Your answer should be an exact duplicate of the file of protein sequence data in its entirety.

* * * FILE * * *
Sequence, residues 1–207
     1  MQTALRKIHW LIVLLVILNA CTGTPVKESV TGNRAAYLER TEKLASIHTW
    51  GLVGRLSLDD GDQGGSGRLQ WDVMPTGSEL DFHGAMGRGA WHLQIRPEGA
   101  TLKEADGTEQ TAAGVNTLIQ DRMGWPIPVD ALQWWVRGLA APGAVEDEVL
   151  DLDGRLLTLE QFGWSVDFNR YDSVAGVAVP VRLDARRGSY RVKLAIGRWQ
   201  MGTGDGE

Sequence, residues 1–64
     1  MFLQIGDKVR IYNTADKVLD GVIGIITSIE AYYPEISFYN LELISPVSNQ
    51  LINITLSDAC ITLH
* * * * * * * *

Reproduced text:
Sequence, residues 1–207
     1  MQTALRKIHW LIVLLVILNA CTGTPVKESV TGNRAAYLER TEKLASIHTW
    51  GLVGRLSLDD GDQGGSGRLQ WDVMPTGSEL DFHGAMGRGA WHLQIRPEGA
   101  TLKEADGTEQ TAAGVNTLIQ DRMGWPIPVD ALQWWVRGLA APGAVEDEVL
   151  DLDGRLLTLE QFGWSVDFNR YDSVAGVAVP VRLDARRGSY RVKLAIGRWQ
   201  MGTGDGE

Sequence, residues 1–64
     1  MFLQIGDKVR IYNTADKVLD GVIGIITSIE AYYPEISFYN LELISPVSNQ
    51  LINITLSDAC ITLH